Last summer, J.C. Tran stormed through the World Series of Poker, accumulating five minor cashes before making a major move in the Main Event. With the eyes of the poker world fixed squarely on his shoulders, Tran tried valiantly to take up the mantle of true pros to claim the game’s premier prize. Although he ultimately fell short of a championship here at the Rio –registering a fifth place finish for $2,106,89 to push his lifetime earnings over the $10 million milestone – Tran reaffirmed his status as one of poker’s top pros with his performance.
Earlier this year, Tran found himself at yet another major final table, and with the WPT Rolling Thunder stop taking place in his own backyard of Northern California, the Sacramento native made sure to finish the job with a win. And he did so in style, dispatching all five of his opponents from the six-handed televised final table while employing the relentlessly aggressive style which has become his signature over career spanning more than a decade.
Tran is at the Rio competing in Event #2 of the 2014 WSOP, as the $25,000 Mixed-Max No-Limit Hold’em tournament winds down during the second day of play. With the unique format of this event shifting from nine-handed play on Day 1, to six-handed play today, before moving to four-handed action on Day 3 and heads-up duels on Day 4, we caught up with Tran to see how he was faring against yet another six-handed table lined with dangerous opponents on all sides.
PokerNews: Hello Mr. Tran, how you have been enjoying your day so far on Day Two?
Tran: It’s been going pretty well. I think I chipped up pretty nicely, you know, hitting a few hands. Haven’t really had any really big showdowns yet, nothing really all-in pre yet. Just a lot of simple, postflop poker you know?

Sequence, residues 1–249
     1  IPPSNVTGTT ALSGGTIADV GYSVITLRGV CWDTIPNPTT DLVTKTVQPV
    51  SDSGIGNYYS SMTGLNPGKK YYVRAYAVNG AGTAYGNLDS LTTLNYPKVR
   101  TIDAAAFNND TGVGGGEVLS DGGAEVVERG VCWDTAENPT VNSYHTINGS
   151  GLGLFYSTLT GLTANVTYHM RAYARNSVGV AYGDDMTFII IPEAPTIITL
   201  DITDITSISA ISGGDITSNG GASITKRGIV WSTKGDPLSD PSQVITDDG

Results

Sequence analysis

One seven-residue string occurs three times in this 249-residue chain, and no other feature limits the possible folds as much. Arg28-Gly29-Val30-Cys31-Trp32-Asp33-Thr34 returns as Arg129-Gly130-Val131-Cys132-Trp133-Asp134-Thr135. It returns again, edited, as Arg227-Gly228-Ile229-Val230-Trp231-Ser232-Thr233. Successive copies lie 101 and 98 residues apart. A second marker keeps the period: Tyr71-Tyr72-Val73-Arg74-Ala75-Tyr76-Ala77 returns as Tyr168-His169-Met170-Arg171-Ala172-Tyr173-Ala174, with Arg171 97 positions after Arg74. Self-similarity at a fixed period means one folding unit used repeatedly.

PokerNews: As far as this Mixed-Max format goes, it’s only been on the WSOP schedule for a couple of years now. For professionals like yourself, who play tournaments all around the world using the standard nine-handed format, is this refreshing for you, having something different to think about at the table as far as tournament poker goes.
Yes, it’s a great structure you know, it’s basically very diverse in terms of decision making. You get to play nine-handed one full day, now we’re down to six. And then at 16 left it’s down to four-handed, and then heads-up. You know, it’s really good practice to get through each day and be able to play… You gotta make it there first, but to be able to play different formats as far as nine, six, four, heads-up. I think a lot of people don’t really get that opportunity. Say for instance you’re playing the Main Event, you get to play six days but it’s all nine-handed. All of a sudden, you get down to the final table, and the short-handed play is very unfamiliar.
PokerNews: Does the format offer an opportunity for fine-tuning you’re short-handed game?
Tran: It’s good practice for us, and I think with the faster pace as far as today with six-handed play, you get to see a lot more hands. Nine-handed, you get a lot more thinking about dynamics between other players, position, etcetera. Six-max, you get a lot of heads-up pots, both pre and postflop. Nine-handed, sometimes you get a lot of three- and four-way action pots.
The four-handed play, I love it. I played a lot of it last year in the Four-Max event, and it’s a very fast-paced tournament, which how I like to play. I don’t like to sit there and grind nine-handed, so in this event you’re in the action a lot. You’re faced with many more decisions, whether it’s mid pair, bottom pair, or the king-three or whatever it is. And that’s something you really don’t get when you’re playing nine-handed for days, you know? You don’t really get to face those extra decisions, and I think if you play Mixed-Max events enough, it will really help you with your overall game in terms of playing your best when the final few tables of a nine-handed event reach the short-handed stage.